Upgrades. Many companies considering a SaaS ERP system are interested because of the difficulty in installing and upgrading complex releases in their own data centers. Look for a SaaS vendor that delivers pure technical upgrades with no requirements for the IT staff or end user. New software versions, which may add new functionality or changes to existing functionality will require a careful analysis on any impact to the current business processes. The system complexities (database versions, operating system versions, tools, etc.) are all taken care of by the SaaS vendor.

In conclusion, it is critical to look carefully at how ERP systems are architected for SaaS delivery when making a decision to move forward on a SaaS implementation. Make sure the benefits of SaaS can be realized: lower cost of operation, lower costs for updates, ability to maintain your own custom code line, robust personalization capabilities, and ability to integrate to your other applications seamlessly.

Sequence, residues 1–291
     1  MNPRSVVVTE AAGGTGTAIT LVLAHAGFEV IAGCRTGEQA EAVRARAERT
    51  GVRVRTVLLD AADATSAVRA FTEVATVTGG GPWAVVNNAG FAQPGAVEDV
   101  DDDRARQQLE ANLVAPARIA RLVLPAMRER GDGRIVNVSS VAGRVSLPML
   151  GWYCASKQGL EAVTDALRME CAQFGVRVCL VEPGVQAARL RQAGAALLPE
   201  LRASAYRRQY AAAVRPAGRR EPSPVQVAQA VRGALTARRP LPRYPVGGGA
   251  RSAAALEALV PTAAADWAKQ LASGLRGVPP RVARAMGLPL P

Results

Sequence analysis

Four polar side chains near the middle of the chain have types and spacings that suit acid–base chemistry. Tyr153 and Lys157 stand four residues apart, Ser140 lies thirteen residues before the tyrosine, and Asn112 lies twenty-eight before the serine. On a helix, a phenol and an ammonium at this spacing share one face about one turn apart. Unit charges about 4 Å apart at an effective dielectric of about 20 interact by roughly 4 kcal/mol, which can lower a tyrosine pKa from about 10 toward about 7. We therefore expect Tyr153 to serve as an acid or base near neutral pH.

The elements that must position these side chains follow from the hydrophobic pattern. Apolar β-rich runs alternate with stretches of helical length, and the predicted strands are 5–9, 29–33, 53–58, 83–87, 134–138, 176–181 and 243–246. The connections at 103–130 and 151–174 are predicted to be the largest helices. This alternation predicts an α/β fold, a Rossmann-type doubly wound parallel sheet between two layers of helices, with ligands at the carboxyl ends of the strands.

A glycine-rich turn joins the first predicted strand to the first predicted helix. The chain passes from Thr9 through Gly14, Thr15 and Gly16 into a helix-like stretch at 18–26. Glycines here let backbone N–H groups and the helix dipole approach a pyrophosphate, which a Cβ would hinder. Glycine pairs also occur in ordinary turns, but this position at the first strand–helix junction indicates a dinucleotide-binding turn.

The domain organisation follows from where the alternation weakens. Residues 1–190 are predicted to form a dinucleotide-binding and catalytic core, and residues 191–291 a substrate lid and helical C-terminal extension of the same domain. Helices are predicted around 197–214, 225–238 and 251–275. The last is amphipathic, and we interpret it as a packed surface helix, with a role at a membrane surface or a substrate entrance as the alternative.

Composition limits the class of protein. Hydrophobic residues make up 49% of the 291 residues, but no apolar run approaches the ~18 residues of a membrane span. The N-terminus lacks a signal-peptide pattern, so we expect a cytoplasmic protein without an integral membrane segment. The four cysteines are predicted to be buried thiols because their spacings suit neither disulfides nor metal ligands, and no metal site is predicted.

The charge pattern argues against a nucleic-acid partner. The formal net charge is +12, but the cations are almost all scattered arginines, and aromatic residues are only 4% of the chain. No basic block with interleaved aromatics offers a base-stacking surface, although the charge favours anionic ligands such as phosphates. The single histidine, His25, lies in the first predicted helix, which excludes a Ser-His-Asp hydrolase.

Marty Browne is a veteran of the ERP world. As a founding member of ASK Computer Systems, he is known as the “Father of MANMAN.” As Principal of Skyline Consulting, he specializes in helping companies evaluate and implement ERP offerings. He has also successfully managed offshore development projects. He is also a trusted advisor at Bourke Consulting. He can be reached at